Crit Care Explor
. 2022 Nov 15;4(11):e0779.
doi: 10.1097/CCE.0000000000000779. eCollection 2022 Nov. https://pubmed.ncbi.nlm.nih.gov/36406885/
Ventilation Strategies During Extracorporeal Membrane Oxygenation for Neonatal Respiratory Failure: Current Approaches Among Level IV Neonatal ICUs
John Ibrahim 1, Burhan Mahmood 1, Robert DiGeronimo 2, Natalie E Rintoul 3, Shannon E Hamrick 4, Rachel Chapman 5, Sarah Keene 4, Ruth B Seabrook 6, Zeenia Billimoria 2, Rakesh Rao 7, John Daniel 8, John Cleary 9, Kevin Sullivan 10 11, Brian Gray 12, Mark Weems 13, Daniel R Dirnberger 10
Free PMC article
To describe ventilation strategies used during extracorporeal membrane oxygenation (ECMO) for neonatal respiratory failure among level IV neonatal ICUs (NICUs).
Design: Cross-sectional electronic survey.
Setting: Email-based Research Electronic Data Capture survey.
Patients: Neonates undergoing ECMO for respiratory failure at level IV NICUs.
Interventions: A 40-question survey was sent to site sponsors of regional referral neonatal ECMO centers participating in the Children’s Hospitals Neonatal Consortium. Reminder emails were sent at 2- and 4-week intervals.
Measurements and main results: Twenty ECMO centers responded to the survey. Most primarily use venoarterial ECMO (65%); this percentage is higher (90%) for congenital diaphragmatic hernia. Sixty-five percent reported following protocol-based guidelines, with neonatologists primarily responsible for ventilator management (80%). The primary mode of ventilation was pressure control (90%), with synchronized intermittent mechanical ventilation (SIMV) comprising 80%. Common settings included peak inspiratory pressure (PIP) of 16-20 cm H2O (55%), positive end-expiratory pressure (PEEP) of 9-10 cm H2O (40%), I-time 0.5 seconds (55%), rate of 10-15 (60%), and Fio2 22-30% (65%). A minority of sites use high-frequency ventilation (HFV) as the primary mode (5%). During ECMO, 55% of sites target some degree of lung aeration to avoid complete atelectasis. Fifty-five percent discontinue inhaled nitric oxide (iNO) during ECMO, while 60% use iNO when trialing off ECMO. Nonventilator practices to facilitate decannulation include bronchoscopy (50%), exogenous surfactant (25%), and noninhaled pulmonary vasodilators (50%). Common ventilator thresholds for decannulation include PEEP of 6-7 (45%), PIP of 21-25 (55%), and tidal volume 5-5.9 mL/kg (50%).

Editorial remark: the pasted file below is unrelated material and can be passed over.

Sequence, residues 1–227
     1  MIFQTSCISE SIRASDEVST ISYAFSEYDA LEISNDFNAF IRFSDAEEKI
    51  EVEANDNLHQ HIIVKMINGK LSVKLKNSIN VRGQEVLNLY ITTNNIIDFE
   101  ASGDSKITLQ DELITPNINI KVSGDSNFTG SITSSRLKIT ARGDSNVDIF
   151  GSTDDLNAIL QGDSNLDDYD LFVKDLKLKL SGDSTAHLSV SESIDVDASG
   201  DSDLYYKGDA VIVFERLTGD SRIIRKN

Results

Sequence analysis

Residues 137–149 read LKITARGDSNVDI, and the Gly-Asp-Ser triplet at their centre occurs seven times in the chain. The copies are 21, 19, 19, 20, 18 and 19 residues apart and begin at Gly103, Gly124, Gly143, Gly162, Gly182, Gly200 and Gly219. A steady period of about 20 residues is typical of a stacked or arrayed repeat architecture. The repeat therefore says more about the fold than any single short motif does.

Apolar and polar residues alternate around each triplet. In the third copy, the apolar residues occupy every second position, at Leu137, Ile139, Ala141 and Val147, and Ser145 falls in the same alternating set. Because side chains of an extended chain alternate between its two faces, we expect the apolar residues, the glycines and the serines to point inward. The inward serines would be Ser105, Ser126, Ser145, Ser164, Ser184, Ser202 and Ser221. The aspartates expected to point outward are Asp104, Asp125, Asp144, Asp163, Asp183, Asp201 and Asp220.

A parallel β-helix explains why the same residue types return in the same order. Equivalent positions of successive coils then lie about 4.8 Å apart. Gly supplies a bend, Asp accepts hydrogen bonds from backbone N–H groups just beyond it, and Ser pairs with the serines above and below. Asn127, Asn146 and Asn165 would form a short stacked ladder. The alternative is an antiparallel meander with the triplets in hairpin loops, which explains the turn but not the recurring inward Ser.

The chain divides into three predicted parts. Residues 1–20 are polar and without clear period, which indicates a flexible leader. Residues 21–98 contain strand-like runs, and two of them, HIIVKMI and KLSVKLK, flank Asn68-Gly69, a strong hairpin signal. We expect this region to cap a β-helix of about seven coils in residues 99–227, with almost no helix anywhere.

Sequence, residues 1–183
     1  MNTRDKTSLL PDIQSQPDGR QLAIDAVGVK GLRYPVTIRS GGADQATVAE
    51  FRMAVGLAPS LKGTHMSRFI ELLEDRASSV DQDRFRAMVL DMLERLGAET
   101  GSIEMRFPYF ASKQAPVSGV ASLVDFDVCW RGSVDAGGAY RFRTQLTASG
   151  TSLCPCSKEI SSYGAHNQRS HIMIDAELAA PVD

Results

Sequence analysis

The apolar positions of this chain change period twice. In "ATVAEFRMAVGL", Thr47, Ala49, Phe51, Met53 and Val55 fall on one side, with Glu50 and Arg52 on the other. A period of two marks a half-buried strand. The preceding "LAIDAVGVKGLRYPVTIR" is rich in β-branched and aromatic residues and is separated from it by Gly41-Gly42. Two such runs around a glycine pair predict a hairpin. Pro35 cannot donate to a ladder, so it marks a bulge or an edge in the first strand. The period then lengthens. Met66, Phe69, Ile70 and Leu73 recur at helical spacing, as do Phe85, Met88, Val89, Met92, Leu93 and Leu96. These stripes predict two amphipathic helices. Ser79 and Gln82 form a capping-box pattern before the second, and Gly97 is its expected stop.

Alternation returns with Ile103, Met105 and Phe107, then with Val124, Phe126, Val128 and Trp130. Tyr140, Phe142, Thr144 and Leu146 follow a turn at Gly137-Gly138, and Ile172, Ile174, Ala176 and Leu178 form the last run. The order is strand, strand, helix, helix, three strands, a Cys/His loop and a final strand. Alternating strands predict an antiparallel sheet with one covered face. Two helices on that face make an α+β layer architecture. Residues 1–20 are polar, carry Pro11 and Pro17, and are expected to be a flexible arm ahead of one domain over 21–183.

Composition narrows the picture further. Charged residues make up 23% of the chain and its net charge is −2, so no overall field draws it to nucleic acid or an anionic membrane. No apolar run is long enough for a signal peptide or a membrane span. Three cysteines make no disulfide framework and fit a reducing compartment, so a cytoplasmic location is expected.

Conclusions: The majority of level IV NICUs follow internal protocols for ventilator management during neonatal respiratory ECMO, and neonatologists primarily direct management in the NICU. While most centers use pressure-controlled SIMV, there is considerable variability in the range of settings used, with few centers using HFV primarily. Future studies should focus on identifying respiratory management practices that improve outcomes for neonatal ECMO patients.
Keywords: extracorporeal membrane oxygenation; neonate; respiratory failure; ventilation; ventilator.
Copyright © 2022 The Authors. Published by Wolters Kluwer Health, Inc. on behalf of the Society of Critical Care Medicine.